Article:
3 Life Science Stocks Short-Sellers are Wrong About

3 Life Science Stocks Short Sellers are Wrong About May 19, 2016
By Alex Keown, BioSpace.com Breaking News Staff

So far 2016 has been a rough year for biotech and pharma investors with stock prices struggling to gain traction and S&P Biotech Index down nearly 30 percent this year.

That news may make some short sellers happy, but there are a few stocks that could prove to be disappointing to those investors looking to make a profit if the share prices of a company falls. Analysts at The Motley Fool picked three biotech stocks that they think will prove those short sellers wrong.

Opko Health

There have been more than 64 million shares of Opko Health sold short, the Fool’s Brian Feroldi said. Those shares represent approximately 20 percent of its public stock. The move to sell short the stock comes largely from the U.S. Food and Drug Administration’s Complete Response Letter for Rayaldee, a treatment for secondary hyperparathyroidism in patients with stage 3 or 4 chronic kidney disease and vitamin D insufficiency. However, in April the FDA accepted Opko’s resubmitted New Drug Application for Rayaldee, and regulators set to make a decision on the drug in October. The FDA did not force the company to redo any clinical trials, which Feroldi is a sign the drug stands a good chance of winning approval and sending the stock, which is currently trading at $9.88 per share, through the roof. That sentiment seems to be shared by Opko, which forged a $282 million deal with Swiss-based Vifor Fresenius Medical Care Renal Pharma to commercialize Rayaldee in Europe, Canada, Mexico, Australia, South Korea and certain other international markets.

Celldex Therapeutics

Motley Fool’s Cory Renauer likes Celldex , despite the company having lost 80 percent of its value over the past year. In March, shares of Celldex plummeted after its Rintega cancer vaccine had failed to meet its primary endpoint in a Phase III trial. The company ultimately terminated its research on Rintega, which had at one time earned Breakthrough Therapy Designation by the FDA for treatment of glioblastoma. Despite that loss, Celldex has another promising treatment in its pipeline, this time for triple negative breast cancer. Celldex's candidate, glembatumumab vedotin, is a protein that binds to gpNMB, a protein found on the surface of tumors. Renauer believes the promise for glembatumumab vedotin in triple negative breast cancer, as well as other cancers, could turn the company around and send its shares back up. Shares of Celldex are currently trading at $3.86.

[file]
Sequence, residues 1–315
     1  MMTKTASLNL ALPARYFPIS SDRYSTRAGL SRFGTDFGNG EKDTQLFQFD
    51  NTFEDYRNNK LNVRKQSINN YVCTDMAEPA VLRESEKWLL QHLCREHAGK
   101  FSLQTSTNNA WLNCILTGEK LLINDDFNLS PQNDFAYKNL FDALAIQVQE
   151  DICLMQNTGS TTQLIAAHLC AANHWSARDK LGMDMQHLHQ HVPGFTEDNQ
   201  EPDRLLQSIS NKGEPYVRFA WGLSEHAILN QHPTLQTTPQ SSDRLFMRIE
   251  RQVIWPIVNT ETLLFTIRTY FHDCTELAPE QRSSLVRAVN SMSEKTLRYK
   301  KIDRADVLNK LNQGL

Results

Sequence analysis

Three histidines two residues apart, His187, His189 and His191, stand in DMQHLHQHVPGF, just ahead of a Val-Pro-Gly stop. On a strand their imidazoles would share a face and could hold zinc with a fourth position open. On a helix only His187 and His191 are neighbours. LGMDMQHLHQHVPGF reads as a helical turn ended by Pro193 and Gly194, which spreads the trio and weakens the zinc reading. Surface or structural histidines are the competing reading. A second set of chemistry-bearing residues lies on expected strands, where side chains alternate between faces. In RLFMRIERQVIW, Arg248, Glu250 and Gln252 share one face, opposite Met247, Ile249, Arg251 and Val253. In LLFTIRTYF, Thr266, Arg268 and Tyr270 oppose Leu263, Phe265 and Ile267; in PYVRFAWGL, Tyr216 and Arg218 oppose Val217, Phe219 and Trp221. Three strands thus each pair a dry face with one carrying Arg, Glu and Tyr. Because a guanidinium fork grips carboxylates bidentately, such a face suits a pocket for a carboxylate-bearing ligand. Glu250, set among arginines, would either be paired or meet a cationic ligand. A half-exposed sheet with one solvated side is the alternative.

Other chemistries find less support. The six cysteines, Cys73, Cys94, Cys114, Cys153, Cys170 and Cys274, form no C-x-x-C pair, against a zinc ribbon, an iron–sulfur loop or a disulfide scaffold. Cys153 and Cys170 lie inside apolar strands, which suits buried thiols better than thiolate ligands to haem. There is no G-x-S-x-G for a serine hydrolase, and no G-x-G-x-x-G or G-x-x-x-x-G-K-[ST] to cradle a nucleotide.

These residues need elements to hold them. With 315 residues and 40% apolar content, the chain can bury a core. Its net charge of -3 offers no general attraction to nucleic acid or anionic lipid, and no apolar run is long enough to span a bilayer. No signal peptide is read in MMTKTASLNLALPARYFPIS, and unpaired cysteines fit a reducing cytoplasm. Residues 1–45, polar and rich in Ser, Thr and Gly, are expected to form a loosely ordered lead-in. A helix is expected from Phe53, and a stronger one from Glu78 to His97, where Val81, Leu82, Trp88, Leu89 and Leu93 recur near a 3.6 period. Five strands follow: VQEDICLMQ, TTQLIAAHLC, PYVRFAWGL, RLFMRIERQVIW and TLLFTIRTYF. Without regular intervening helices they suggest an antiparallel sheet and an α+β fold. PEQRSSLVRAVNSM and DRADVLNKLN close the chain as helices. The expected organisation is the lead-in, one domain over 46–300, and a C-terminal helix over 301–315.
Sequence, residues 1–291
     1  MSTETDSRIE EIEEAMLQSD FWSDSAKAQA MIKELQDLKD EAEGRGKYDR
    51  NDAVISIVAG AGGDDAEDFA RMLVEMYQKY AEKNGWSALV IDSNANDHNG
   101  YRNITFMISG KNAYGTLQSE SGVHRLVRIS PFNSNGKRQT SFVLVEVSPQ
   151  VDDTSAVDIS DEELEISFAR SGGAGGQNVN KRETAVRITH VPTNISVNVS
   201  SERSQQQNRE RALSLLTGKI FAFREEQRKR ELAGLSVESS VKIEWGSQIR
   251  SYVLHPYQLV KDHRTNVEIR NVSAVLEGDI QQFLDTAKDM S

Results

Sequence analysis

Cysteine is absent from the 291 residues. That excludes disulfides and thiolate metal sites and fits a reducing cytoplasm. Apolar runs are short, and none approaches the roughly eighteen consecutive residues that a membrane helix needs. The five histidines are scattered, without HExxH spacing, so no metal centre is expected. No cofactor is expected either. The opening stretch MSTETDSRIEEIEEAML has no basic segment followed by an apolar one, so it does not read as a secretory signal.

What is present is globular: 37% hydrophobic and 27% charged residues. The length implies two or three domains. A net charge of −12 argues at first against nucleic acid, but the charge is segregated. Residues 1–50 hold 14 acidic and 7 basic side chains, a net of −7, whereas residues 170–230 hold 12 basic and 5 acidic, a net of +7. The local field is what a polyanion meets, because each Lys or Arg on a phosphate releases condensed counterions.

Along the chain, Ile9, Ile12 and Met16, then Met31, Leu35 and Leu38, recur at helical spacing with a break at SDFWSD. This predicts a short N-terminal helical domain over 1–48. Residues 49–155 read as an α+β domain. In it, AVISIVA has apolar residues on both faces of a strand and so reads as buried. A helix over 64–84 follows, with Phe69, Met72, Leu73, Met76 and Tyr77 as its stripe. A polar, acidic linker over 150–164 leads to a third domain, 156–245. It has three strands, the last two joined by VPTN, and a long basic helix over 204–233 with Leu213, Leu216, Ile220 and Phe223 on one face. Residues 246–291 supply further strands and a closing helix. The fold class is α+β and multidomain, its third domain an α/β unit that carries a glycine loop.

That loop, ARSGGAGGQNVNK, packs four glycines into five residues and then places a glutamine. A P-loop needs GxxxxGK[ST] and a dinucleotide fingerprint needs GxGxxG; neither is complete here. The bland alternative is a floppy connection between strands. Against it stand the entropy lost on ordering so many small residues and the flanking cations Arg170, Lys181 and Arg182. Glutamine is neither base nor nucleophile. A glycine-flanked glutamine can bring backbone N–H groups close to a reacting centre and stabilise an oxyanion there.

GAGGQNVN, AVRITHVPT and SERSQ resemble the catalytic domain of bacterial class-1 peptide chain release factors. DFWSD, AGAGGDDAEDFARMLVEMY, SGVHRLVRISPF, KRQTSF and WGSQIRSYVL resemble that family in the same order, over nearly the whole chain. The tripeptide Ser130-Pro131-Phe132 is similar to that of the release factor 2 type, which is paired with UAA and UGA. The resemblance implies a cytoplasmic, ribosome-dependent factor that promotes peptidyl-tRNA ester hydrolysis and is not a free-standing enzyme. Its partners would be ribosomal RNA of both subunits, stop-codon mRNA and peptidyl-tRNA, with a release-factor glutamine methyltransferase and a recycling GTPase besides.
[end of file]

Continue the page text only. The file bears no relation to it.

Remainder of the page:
Lannett Company

Generic drugmaker Lannett has seen its stock, currently trading at $20 per share, lose more than 75 percent of its value over the past year. The company is working through a restructuring and downsizing following its acquisition of Kremers Urban Pharmaceuticals, as well as the loss of some executives. Keith Speights of the Motley Fool, said he thinks the restructuring will only help Lannett regain its footing and “achieving the full synergies expected” from its acquisition of Kremers. The company is also talking with an unidentified customer that accounted for $87 million in revenue about reestablishing its relationship. If that happens, and the restructuring is successful, Speights said the stock will be worth having over the long run.

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